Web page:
It obliges governments and armed groups to demobilize children in their forces and provide assistance for their physical and psychological recovery and social reintegration, which can include access to education and psychosocial – mental health – support. Saudi Arabia and the US, who are parties to the conflict, are also parties to the protocol, which calls on states parties to cooperate in carrying it out, preventing unlawful activity, and rehabilitating and reintegrating child soldiers.

All US military aid to Yemen was suspended in 2015, but President Barack Obama gave Secretary of State John Kerry authority to restart aid that would otherwise be prohibited by the US Child Soldiers Prevention Act. The act prohibits several categories of US military assistance to governments that use children in armed conflict or support paramilitaries or militias that use child soldiers.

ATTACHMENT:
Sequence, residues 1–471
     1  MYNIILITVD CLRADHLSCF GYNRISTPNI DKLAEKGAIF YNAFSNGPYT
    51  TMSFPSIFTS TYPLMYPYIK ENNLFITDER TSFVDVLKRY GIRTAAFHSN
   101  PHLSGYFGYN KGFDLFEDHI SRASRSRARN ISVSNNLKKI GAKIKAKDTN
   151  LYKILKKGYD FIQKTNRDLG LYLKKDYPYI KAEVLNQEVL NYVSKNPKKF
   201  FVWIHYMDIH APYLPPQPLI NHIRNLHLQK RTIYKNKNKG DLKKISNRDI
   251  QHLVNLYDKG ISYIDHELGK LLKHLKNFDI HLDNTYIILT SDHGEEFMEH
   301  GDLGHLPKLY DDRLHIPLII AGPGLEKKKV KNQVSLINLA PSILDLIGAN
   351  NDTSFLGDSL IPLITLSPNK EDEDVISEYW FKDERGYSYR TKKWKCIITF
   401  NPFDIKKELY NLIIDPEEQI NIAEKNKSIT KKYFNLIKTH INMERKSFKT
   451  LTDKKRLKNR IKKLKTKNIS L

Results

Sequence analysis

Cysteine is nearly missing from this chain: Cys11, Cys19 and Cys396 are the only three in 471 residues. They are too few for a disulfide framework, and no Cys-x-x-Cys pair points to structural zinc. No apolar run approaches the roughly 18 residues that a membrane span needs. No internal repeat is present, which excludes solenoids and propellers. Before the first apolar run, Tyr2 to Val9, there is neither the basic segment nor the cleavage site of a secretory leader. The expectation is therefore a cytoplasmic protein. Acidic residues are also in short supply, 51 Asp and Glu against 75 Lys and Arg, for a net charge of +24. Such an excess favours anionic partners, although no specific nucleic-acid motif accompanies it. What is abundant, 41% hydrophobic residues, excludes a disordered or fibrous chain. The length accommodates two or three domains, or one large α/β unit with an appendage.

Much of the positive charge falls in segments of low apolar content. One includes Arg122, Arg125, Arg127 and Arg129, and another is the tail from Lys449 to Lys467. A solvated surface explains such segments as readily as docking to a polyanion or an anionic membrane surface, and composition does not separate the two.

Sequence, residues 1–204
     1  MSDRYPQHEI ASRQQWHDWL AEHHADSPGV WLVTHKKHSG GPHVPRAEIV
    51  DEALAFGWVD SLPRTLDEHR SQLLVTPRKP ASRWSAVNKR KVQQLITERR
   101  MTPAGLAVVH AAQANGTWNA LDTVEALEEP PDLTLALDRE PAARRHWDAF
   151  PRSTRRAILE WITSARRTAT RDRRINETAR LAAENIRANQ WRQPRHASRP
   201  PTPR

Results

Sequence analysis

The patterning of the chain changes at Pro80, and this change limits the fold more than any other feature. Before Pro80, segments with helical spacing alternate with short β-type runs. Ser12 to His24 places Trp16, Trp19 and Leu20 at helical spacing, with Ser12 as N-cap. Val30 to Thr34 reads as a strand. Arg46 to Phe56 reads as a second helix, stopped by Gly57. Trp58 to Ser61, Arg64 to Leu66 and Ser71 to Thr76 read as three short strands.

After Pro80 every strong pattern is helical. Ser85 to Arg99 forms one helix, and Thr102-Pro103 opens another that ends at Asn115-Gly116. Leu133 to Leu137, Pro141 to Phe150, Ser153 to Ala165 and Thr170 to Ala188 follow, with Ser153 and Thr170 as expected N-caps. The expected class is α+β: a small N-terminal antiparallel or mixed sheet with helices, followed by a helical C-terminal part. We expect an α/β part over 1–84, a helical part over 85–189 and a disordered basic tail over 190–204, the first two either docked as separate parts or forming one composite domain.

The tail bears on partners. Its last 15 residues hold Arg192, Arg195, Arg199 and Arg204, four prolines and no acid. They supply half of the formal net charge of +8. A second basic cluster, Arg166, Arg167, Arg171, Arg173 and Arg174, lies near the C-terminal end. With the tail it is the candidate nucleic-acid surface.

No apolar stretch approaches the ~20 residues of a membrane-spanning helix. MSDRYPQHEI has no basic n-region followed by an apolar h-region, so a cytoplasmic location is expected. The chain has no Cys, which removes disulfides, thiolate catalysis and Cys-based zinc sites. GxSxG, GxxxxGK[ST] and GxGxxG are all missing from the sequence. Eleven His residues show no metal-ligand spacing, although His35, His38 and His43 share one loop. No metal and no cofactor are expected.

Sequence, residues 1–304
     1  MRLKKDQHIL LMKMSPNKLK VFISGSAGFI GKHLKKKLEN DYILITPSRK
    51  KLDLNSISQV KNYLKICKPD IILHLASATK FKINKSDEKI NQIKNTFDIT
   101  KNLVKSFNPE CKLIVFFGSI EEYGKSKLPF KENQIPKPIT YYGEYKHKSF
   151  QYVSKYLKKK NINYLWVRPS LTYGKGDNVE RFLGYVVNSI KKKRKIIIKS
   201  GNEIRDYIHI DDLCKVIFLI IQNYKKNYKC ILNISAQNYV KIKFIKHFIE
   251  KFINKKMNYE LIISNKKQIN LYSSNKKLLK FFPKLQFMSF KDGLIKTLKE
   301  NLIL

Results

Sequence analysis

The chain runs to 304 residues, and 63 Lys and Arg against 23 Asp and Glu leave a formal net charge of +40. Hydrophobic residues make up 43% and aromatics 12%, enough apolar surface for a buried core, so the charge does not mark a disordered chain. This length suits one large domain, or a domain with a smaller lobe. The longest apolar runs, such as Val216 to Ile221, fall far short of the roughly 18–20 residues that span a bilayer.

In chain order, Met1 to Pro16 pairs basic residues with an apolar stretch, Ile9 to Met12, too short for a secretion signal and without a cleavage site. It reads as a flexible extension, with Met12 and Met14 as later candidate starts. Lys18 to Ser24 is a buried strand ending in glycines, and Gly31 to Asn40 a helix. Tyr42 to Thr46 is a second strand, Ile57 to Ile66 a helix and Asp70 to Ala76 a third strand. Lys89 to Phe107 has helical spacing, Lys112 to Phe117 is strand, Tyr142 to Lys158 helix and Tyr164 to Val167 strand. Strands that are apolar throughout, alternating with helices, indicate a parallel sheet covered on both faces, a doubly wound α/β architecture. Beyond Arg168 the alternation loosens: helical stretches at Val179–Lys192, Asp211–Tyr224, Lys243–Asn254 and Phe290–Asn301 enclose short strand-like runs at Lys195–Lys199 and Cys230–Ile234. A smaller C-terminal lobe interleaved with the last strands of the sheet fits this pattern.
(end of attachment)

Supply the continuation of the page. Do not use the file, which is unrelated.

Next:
The parties to the conflict in Yemen could send a message that they want to do what’s right by releasing captured children before Ramadan and implementing long-broken promises to end the use of child soldiers,” Van Esveld said.

Human Rights Watch Urgently Needs Your Donations. to donate.